Skip to comments.Walmart is planning a store without cashiers
Posted on 12/21/2017 6:00:08 AM PST by mykroar
Walmart's NYC-based innovation center is experimenting with a cashier-less store concept called Project Kepler, which "aims to reimagine the in-store shopping experience with the help of technologies like computer vision," Recode reports.
Project Kepler is in part aimed at creating a store that would feature no checkout lines or cashiers, but use computer vision to detect which products customers leave the store with and then charge their accounts accordingly. Why it matters: Amazon is also experimenting without cashiers, while roughly 3.5 million Americans operate cash registers for a living.
Recode also reports that Walmart's new start-up subsidiary, called Code 8, is experimenting with "high personalised, one-to-one shopping experiences," that will be marketed to "busy NYC moms."
How's that any different than today?
We always use self checkout anyway.
Lootie be happy! Free air jordans!!!
Let’s see. A completely automated system using computer vision. How many people are going to be billed for merchandise they didn’t take out of the store, from a store that they didn’t visit?
Your recourse: talk to a customer “service” rep in China about your problem.
What happens when blacks riot?
15 minimum wage in action.
This will work...if their customer’s are honest.
Will the checkout machine ignore me if I say hello too?
I used to hate the idea of self checkout. Then I started to enjoy not having to deal with grunting, rude cashiers.
They’re trying to emulate the Sesrs/K-Mart business model...
Back in the early 90s I used to do my grocery shopping at a super Walmart, because I saved quite a lot of money. But as time went by I stopped because it took 20 minutes just to checkout. It was absurd to see 20 checkout lines, but only two or three ever in operation.
What could possibly go wrong?
“15 minimum wage in action.”
While the declining desire by companies to hire, especially low skilled workers, is affected by their wage, that is only one of a dozen or more negatives created by federal, state, county and city employment legislation and regulations. For example, Florida has something called “The Potty Parity rule.” For every urinal in the men’s room the company must build a full sit-down stall in the woman’s room. In the company where I last worked there were about three women and three hundred men. The waiting line in the men’s rooms were ridiculous. When I enquired as to why, I found out about the potty rule. It originated when the, at the time, governor’s wife attended a stadium event and there was a long line in front of the ladies’ room. She just went into the men’s room. It caused a huge uproar and she pushed for and got the rule. The impact on the facility where I worked would have been a few million. It also limited the growth of the facility and its business. It’s unintended consequences like that which impact things long after some idiot pens a new rule.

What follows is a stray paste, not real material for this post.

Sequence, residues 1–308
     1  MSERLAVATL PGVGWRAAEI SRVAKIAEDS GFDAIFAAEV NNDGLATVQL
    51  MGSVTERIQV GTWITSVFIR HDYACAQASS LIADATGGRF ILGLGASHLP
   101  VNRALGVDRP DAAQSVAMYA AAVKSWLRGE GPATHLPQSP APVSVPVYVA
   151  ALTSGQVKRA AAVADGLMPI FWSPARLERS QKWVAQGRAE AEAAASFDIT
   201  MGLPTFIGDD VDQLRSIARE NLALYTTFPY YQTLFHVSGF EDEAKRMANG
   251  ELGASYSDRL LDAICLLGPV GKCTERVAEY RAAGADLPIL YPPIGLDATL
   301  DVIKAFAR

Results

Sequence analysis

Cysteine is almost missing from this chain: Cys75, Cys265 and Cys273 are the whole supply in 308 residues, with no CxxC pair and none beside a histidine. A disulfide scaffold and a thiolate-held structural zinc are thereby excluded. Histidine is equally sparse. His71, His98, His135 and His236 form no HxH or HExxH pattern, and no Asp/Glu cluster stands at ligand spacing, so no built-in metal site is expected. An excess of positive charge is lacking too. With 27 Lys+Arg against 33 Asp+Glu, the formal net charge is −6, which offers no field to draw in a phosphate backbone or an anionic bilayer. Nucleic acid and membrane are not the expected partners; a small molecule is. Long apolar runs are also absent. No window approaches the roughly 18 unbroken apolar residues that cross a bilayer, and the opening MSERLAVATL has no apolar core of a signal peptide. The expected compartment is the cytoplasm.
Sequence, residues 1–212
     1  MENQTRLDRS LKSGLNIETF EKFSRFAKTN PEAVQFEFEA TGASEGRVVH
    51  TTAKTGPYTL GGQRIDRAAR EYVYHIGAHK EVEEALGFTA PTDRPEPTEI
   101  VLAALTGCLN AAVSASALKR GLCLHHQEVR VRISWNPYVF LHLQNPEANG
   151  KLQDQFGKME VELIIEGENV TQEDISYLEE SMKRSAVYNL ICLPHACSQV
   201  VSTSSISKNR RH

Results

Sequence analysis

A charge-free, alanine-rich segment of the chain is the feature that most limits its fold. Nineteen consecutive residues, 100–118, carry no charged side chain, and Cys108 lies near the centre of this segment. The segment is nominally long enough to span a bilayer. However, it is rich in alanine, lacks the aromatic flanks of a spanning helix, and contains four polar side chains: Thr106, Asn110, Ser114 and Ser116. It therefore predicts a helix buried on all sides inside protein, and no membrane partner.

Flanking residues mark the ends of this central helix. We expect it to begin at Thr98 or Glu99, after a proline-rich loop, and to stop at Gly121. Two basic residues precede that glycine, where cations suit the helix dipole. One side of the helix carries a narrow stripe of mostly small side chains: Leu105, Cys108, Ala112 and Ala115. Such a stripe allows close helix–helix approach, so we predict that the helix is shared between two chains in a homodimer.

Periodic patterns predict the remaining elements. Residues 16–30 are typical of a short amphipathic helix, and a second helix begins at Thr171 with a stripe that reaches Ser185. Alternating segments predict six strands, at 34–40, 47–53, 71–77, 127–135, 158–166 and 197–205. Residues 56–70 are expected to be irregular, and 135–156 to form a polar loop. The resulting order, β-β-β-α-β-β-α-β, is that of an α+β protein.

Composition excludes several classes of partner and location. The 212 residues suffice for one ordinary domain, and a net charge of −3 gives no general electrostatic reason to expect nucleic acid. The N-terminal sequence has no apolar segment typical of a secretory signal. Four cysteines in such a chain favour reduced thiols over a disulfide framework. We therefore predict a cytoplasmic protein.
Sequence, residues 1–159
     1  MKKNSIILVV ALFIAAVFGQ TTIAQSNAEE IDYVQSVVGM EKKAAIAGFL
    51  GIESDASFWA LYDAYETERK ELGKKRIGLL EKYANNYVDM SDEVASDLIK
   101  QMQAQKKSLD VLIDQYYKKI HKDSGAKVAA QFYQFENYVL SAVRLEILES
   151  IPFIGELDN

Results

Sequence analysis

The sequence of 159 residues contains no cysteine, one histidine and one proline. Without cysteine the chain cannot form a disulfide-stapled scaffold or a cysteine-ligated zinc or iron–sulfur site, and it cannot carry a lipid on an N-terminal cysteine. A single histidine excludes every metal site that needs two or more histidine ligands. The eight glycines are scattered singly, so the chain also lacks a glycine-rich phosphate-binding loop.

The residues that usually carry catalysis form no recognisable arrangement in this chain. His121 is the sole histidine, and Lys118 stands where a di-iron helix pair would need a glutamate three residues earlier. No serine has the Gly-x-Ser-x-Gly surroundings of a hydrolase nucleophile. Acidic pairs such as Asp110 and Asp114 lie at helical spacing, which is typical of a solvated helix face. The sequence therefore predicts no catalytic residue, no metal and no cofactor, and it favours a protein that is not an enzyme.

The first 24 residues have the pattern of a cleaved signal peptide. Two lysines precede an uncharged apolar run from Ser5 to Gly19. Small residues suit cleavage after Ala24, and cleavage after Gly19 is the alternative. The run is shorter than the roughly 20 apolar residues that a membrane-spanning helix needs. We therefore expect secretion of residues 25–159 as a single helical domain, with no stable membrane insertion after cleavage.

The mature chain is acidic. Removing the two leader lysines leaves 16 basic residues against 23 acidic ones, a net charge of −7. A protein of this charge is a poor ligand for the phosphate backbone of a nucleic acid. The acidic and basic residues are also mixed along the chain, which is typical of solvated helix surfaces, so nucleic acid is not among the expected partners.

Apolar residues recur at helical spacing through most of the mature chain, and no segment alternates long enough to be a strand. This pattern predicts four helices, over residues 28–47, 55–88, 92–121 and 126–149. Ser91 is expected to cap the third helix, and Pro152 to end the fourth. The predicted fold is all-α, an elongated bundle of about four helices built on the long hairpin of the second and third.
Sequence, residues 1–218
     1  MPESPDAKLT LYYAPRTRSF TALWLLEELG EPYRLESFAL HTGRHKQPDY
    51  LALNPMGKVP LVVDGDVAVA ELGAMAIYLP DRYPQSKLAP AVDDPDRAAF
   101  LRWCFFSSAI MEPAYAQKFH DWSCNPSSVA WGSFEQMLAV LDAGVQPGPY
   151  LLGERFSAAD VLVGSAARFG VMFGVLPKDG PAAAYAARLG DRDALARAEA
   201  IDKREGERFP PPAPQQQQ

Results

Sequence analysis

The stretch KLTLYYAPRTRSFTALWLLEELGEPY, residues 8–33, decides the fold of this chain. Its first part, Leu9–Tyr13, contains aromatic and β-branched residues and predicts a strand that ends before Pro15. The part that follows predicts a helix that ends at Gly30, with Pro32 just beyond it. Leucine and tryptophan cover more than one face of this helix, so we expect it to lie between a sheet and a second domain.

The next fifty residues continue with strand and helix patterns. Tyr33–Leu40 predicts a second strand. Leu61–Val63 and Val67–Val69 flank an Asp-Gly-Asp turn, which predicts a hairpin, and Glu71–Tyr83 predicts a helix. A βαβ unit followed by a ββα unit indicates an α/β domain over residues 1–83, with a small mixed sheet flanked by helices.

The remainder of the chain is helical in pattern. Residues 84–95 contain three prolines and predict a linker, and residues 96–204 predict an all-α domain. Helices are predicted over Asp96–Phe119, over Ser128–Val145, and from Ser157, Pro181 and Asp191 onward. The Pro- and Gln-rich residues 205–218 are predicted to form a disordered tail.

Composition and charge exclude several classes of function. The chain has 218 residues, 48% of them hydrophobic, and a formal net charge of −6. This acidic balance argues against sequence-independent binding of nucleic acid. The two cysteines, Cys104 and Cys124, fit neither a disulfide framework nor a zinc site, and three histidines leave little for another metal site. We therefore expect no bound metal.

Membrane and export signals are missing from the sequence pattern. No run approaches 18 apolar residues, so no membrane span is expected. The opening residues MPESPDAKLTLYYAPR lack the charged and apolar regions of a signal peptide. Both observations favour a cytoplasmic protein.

There will still be an “assistant” who steps in if a customer is having a problem or is attempting to make a purchase without proper ID (e.g., wine/beer in Virginia).
My wife manages the 4 self-checkout kiosks at our local Target.
On the other hand, if someone chooses to go for a five-finger discount, Target’s policy is to not intervene. Go figure.
Hahaha. My first thought as well.
RFID technology can scan an entire basket of goods in less than 2 seconds. Pair that with automatic payment from your smart phone and that eliminates the cashier altogether. This is what’s coming.
Of course you will have to bag your own groceries, unless you bag them while shopping.
I had to wait behind some yuppie yesterday who used his iphone to pay his bill at Whole Foods. The phone failed about 8 times as the line grew longer behind him.
Sometimes the future is so yesterday.
And the ones that are open are the ones with the big pillar in the way.
Maybe the friendly greeter checks your account on the way into the store. No billable account, no entry. Computer vision could get your picture as well. Book of Revelation, 1984,...?
How’s that any different than today?
In a since it is just an expansion of online ordering that is used today.
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